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Rebel India

The Struggle for Effective Independence

History will say, when it records contemporary events in India, that destiny fulfilled itself with  punctual and implacable logic. The new Constitution has just come into operation, and already over the greater part of the Peninsula it is a dead letter. The nation refuses to work it. What else could one expect? The British government prepared the mind of this people to receive its gift by two years of intensive coercion. It would discuss the details of the new settlement only with hand-picked delegates of its own choosing. It marched on, even when the moderates on whom it relied disavowed its work. In short, it imposed this constitution on a protesting people. Today it reaps what it has sown.

The English press as a whole affects surprise. It had not expected that the Indian National Congress could carry six provinces, for it has always regarded this party as an extremist minority, which it contrasted with “the real India,” loyal at heart. Nor had it anticipated from the Congress, after its victory, an uncompromising attitude. These were not unreasonable mistakes. The long period of coercion, the most ruthless and efficient performance of its kind since the Mutiny, did in fact reduce this people to hopeless apathy. The Congress abandoned all its methods of pacific militancy and relapsed into constitutional correctitude. There is little doubt that Mr. Gandhi wished to work the Constitution, if that could be done without loss of self-respect. The Congress, like every big party, has among its older and wealthier adherents its fringe of office-seekers. To dispense patronage would have been a pleasant change after imprisonment and martyrdom. Idealists, moreover, could argue, plausibly enough, that office would bring the chance to enact many urgent social reforms. On such calculations the British government had relied, when it decided to ignore the criticisms that every Indian party, and not the Congress alone, levied at this constitution. These were directed mainly at the federal charters, but Sir Samuel Hoare had made the Federal Legislature proof against capture by any popular party. The provincial legislatures might be stormed, but the provinces had been granted more than a show of self-government––enough to tempt the average politician to compromise. The plan, in short, was devised with cynical sagacity.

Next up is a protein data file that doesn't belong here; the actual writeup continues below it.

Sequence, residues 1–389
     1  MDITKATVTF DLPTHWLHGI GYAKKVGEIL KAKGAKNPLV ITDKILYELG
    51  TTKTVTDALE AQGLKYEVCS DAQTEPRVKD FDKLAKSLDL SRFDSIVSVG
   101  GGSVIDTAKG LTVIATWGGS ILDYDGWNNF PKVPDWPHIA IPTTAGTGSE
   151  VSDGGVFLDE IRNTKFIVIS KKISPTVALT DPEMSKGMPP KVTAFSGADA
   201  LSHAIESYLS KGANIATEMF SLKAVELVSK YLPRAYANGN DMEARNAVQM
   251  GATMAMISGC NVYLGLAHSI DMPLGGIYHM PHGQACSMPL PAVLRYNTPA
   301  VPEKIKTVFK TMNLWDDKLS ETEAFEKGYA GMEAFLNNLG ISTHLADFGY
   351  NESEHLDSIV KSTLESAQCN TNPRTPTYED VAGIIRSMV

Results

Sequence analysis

It has failed, first of all, because the Congress scored an astonishing victory. The odds were heavily against it. The franchise, even in the provinces, though it has been widened, still excludes the mass of the poorer workers and peasants. Every minority was overrepresented on a systematic plan: property (meaning chambers of commerce and landlords) had with the Europeans its special representatives who far outnumbered those assigned to labor. Electioneering had to be conducted under restrictions that leave only a vestige of free speech and a free press. Many of the leaders of the Congress were disqualified as candidates because they had served terms of imprisonment during the period of civil disobedience. In spite of these handicaps, the Congress won an absolute majority in six provinces, emerged as the leading party in three more and did poorly only in two. It controls an immense area, stretching over the whole interior of India from the Himalayas to Cape Comorin: its hold weakens only at the western and eastern extremities. When the actual votes cast are obtainable, it is fairly certain that the Congress will be found to have a majority over British India as a whole. There are, moreover, other parties and groups that differ from its position only by some nuance of opinion.

The manifesto on which the Congress went to the country called for the total and uncompromising rejection of the new Constitution. A program of moderate social reforms (eight-hour day, compulsory elementary education and the like) was included, but the main positive proposal was the calling of a constituent assembly, based on universal suffrage, at which Indians should themselves build the framework of their future national life. An electoral victory for this platform under these conditions can have only one meaning. India lives under a constitution imposed on her against her will. It has no sanction save the tanks and bombing planes of the Imperial Power.

Several alternative courses were debated by the Congress after its victory. Its left wing, organized by the Socialist group that looks to the President, Pundit Jawaharlal Nehru, as its leader, was for a flat refusal to accept office. This seemed to be the logical consequence of the Manifesto. If one rejects a constitution, one does not consent to work it, submitting tamely to all its vetoes and restrictions. In six provinces the Congress has the ability to render its normal operation impossible. The Governor can of course nominate a ministry of tame moderates, but he can get his budget and other urgent legislation only by using his emergency powers of certification. “Better,” argued the left wing, “a clear situation than acquiescence in a sham of self-government. If over the greater part of India the people refuse to submit to a fraud, it will, sooner or later, drive the Empire to honest concessions.” This is the attitude of revolutionary nationalism, which means to reshape the whole social structure of India and is not deeply interested in changing the color of the official persons who preside over its subhuman poverty.